Biography of George T. Lee

GEORGE T. LEE. It is a pleasure and a privilege to record the character and enterprise of men of business who, on account of their long tenure and extensive operations, comprise almost a history of the business in which they are engaged. Of such men it is unnecessary to speak in words of colored praise. By their acts ye shall know them.” Their very existence is emphatic evi-dence of the honorable position they occupy and the long course of just dealing that they have pursued. A gentleman in mind is George T. Lee, who was born in Jefferson County, Missouri, February 22, 1844, a son of Giles and Ary (Graham) Lee. Giles Lee was born in Westmoreland County, Virginia, on March 10, 1796, and he was a son of John Lee, who came to this country from England in early times. The Great-grandfather Lee was a soldier in the Revolutionary War. Giles Lee was reared in Virginia and came to Missouri in 1819, settling on the Mississippi River. There he passed the remainder of his days engaged in farming and tanning, his death occurring in 1880. His wife was a native of Jefferson County, Missouri, born on Big River in 1827, and she was a daughter of one of the early pioneers who came from Kentucky. Three children were given them: James W., George T. and Margaret V. William died in Wayne County, and Margaret married and in Wayne County. On the old home farm in Jefferson County our subject passed his youthful days, assisting on the same and attending the common schools. Later he entered the Western College...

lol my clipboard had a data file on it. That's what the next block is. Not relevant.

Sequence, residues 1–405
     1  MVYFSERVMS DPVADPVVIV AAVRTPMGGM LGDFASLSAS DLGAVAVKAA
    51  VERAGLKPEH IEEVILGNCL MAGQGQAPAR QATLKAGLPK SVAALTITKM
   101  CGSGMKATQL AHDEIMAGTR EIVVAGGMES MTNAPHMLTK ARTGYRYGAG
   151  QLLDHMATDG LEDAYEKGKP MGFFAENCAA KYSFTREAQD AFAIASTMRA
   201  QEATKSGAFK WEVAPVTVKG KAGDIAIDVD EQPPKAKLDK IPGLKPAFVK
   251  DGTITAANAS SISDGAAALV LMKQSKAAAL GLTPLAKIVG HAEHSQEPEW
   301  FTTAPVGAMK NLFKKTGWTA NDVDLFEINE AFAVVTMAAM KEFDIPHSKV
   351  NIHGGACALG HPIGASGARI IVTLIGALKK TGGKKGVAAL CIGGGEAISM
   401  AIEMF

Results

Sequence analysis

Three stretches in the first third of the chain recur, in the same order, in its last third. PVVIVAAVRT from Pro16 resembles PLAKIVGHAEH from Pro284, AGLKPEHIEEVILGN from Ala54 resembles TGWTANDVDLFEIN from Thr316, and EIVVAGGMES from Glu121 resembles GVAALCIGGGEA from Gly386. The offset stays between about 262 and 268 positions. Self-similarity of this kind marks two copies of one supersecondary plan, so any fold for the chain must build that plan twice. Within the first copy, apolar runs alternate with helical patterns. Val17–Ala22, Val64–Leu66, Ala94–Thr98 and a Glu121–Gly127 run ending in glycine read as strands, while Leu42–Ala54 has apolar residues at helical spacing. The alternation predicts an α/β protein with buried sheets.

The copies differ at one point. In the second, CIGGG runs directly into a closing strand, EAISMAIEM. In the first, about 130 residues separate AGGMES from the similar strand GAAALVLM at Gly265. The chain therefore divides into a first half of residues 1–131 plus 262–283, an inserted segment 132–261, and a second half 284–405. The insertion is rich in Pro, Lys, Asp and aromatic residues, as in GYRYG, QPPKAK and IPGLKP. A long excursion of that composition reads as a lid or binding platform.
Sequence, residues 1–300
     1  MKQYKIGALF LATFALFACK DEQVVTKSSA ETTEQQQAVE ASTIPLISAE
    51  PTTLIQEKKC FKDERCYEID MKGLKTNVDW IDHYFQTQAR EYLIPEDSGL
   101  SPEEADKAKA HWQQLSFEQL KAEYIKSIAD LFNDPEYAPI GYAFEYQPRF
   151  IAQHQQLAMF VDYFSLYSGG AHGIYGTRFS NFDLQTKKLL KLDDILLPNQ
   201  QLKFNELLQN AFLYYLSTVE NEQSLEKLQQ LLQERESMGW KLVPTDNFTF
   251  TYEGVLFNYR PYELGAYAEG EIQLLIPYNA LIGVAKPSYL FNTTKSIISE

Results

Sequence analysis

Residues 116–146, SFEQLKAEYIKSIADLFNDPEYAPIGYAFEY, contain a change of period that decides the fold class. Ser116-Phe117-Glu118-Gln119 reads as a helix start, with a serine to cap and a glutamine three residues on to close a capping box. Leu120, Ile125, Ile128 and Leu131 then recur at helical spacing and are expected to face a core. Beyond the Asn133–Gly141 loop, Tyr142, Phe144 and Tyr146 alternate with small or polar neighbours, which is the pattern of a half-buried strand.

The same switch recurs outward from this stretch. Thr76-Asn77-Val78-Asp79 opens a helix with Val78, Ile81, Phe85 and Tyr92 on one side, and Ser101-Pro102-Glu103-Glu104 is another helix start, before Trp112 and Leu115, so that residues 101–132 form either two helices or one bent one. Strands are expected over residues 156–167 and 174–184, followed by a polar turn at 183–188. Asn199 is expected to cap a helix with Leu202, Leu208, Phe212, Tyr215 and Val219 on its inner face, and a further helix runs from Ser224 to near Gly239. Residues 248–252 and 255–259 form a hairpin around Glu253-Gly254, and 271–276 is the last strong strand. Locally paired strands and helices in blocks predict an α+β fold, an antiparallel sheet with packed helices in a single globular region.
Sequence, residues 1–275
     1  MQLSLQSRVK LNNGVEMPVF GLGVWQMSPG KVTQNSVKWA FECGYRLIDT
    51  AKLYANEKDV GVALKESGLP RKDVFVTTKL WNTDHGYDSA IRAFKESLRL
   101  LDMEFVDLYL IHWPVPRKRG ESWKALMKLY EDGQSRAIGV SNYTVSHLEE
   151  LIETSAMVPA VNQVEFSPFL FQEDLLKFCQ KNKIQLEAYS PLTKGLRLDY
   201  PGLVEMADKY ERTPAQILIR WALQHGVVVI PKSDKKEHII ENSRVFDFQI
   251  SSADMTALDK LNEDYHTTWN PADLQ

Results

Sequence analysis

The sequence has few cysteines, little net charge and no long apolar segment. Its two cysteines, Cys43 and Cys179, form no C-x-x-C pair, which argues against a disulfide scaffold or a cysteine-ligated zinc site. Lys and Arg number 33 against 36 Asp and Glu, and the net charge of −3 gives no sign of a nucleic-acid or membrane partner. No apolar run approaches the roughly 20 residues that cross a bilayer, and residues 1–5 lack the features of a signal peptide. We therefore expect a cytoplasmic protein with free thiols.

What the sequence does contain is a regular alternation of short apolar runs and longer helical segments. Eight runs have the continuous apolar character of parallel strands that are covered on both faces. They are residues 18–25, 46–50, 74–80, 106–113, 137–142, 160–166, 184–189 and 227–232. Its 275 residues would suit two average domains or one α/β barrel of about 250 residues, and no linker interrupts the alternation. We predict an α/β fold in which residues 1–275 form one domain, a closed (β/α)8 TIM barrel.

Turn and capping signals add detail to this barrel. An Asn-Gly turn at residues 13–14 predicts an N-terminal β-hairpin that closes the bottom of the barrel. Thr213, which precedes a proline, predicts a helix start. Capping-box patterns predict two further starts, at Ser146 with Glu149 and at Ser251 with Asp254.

Biography of Charles Jacob Sloop

C. J. Sloop. In January, 1909, Mr. Sloop was admitted to the bar at Topeka, Kansas, and on July 12th of that year moved to Independence. Since then he has been steadily building up a reputation as a sound and safe counselor and as one who can be trusted with the skillful handling of all important interests entrusted to him, whether in civil or criminal law. A native of Missouri, Charles Jacob Sloop was born at Queen City, December 10, 1878. His father John B. Sloop was born in Schuyler County, Missouri, November 16, 1845, and he spent his active life there as a farmer and also bought and shipped stock on a large scale. In 1861 he enlisted in a Missouri regiment and in a company commanded by A. J. Smith, and was in the Union army throughout the war. He was once wounded. He was in the battle of Shiloh, siege of Corinth, Meriden raid, through the Vicksburg campaign, participated in the bloody battle of Tupelo, Mississippi, and followed General Sherman on the march to the sea. After the war he returned to Missouri, and took up farming, which engaged his energies until his death at Queen City in October 1906. He served many years on the school board, and was a member of the board of deacons and a trustee of the Lutheran Church. Politically he was a republican and was a member of the Masonic fraternity. He married Mary Anna Miller, who was of German ancestry. She was born in Franklin County, Ohio, August 30, 1849, and now resides at Queen City, Missouri. Her children...